Most negotiation outcomes will fall into one of two categories: Win-Win or Win-Lose. By understanding the different types of negotiations you may encounter, you can determine the most relevant skills for your role and work to improve them.
Here are forms of negotiation:
Distributive negotiations: Also called distributive bargaining, this form of negotiation occurs when there is a limited amount of resources and each party assumes if they lose something, the other party will gain something. Instead of each party attempting to come to an agreement based on their interests and needs, each party is working to get more than the other party. For example, a client may feel if a provider does not lower the price for a service, they will be paying too much, and the service provider may feel if they decrease their price, they will losing money.
Integrative negotiations: Often referred to as a “win-win,” an integrative negotiation occurs when everyone benefits from the agreement. In order to come to an integrative agreement, each party receives some value. The integrative negotiation process may take longer because both parties have to feel fully satisfied before coming to an agreement. For example, if a client believes a provider should reduce the cost of their service to $800, and the provider believes they maintain the cost of their service at $1000, the two parties may negotiate to a $900 service. In this case, both parties “win” $100.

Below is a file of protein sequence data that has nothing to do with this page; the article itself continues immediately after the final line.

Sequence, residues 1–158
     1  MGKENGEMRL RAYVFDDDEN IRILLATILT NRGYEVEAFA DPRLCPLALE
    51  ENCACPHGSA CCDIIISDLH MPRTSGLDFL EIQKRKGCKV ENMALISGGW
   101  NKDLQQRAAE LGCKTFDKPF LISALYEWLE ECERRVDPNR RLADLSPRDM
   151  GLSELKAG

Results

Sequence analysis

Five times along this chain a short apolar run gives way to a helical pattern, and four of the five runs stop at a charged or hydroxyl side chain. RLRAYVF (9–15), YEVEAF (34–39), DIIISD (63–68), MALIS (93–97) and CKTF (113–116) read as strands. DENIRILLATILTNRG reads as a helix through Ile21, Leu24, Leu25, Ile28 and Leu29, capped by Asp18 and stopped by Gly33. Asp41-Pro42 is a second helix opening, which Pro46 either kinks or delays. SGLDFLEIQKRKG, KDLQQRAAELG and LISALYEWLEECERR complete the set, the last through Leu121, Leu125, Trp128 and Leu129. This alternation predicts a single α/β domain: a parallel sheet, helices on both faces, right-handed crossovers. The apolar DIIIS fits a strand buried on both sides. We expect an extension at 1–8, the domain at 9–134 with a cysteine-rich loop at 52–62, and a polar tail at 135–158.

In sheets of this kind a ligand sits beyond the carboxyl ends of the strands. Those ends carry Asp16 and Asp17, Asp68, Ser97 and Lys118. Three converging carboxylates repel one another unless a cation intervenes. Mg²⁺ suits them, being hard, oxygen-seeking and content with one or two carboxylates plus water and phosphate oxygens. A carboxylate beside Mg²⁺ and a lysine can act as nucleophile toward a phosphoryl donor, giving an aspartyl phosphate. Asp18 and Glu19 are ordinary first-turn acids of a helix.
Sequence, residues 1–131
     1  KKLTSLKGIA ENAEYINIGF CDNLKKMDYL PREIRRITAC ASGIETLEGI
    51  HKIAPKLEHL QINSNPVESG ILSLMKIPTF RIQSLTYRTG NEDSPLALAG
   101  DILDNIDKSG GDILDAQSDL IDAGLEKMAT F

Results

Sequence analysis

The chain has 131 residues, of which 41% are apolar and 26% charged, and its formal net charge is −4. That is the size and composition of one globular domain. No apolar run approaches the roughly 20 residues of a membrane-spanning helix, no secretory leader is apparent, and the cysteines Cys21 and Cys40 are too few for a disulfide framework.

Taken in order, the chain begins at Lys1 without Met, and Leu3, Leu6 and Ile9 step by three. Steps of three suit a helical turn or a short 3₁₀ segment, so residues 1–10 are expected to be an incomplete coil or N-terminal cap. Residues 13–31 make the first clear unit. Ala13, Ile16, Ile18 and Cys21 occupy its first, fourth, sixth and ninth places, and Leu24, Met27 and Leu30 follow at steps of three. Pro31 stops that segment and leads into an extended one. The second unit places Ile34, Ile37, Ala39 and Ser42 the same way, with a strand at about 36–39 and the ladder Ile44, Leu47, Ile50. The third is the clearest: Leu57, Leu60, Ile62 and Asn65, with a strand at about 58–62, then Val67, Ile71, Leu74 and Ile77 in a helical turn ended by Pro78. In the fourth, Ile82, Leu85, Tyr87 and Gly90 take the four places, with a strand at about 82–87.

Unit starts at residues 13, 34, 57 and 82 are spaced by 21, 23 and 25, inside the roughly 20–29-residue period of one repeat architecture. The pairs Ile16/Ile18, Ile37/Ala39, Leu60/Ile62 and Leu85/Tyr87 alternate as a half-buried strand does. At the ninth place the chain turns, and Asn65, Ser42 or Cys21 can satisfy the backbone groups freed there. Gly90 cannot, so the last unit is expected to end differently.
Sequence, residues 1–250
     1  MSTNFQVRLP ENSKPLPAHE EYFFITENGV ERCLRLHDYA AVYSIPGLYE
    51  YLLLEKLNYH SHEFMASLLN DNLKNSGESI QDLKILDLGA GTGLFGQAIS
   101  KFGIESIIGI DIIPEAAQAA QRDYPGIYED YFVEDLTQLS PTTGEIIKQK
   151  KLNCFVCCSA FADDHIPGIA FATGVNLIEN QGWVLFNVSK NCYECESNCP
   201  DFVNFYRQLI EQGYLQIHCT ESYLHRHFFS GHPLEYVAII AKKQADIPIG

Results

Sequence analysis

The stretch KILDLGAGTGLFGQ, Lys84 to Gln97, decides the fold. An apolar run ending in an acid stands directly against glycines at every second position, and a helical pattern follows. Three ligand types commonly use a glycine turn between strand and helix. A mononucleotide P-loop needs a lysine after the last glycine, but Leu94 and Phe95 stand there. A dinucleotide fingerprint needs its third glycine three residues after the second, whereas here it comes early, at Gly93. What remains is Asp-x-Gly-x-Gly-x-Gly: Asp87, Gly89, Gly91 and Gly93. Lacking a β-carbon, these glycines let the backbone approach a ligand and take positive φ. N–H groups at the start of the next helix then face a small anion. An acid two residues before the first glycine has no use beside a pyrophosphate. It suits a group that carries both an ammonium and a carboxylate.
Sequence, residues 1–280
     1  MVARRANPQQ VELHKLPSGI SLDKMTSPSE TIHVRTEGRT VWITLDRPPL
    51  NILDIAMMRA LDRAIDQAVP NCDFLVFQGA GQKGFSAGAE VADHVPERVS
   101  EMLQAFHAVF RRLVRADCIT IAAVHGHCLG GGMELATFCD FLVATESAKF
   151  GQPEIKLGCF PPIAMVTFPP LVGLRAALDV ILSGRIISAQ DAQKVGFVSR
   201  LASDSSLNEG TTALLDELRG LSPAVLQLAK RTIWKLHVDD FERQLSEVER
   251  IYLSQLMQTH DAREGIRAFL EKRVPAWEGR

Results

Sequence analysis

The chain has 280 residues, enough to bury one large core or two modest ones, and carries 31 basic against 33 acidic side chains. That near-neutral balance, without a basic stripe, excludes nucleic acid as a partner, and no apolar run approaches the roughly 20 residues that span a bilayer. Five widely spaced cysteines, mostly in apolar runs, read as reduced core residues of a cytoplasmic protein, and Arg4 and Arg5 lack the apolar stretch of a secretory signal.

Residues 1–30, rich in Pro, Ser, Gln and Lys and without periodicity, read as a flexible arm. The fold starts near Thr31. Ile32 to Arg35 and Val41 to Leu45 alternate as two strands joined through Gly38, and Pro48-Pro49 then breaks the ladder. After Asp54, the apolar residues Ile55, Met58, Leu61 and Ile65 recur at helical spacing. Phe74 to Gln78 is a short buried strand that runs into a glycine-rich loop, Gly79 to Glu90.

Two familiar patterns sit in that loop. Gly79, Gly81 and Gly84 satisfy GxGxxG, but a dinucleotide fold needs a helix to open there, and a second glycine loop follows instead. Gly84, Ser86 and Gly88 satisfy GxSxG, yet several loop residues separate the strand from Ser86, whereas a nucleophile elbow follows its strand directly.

Management negotiations: Negotiating with management can be stressful. In some cases, employees may feel uncomfortable sharing their wants and needs with someone in a more senior position. However, you’ll often encounter this sort of negotiation during the job seeking and hiring process. You may have to negotiate your salary, benefits and job duties. Each of these elements can directly impact your job satisfaction, so it’s essential to address them. Additionally, negotiating these factors gives you an opportunity to demonstrate your communication skills to your employer. You might also have to negotiate with management in your current position when re-evaluating your employment contract or requesting a raise.
Coworker negotiations: Depending on your job, you may have to negotiate with your coworkers. Many positions require close teamwork and without strong negotiation skills, you may face imbalances in work distribution. Negotiation skills allow coworkers to develop a plan that benefits the whole team. You may also have to negotiate when solving conflict in the workplace.
Vendor negotiations: Some employees manage external vendors, and their performance rating may be affected by how they negotiate. Also, the ability to reach an agreement with service providers can affect your professional relationships and general business success.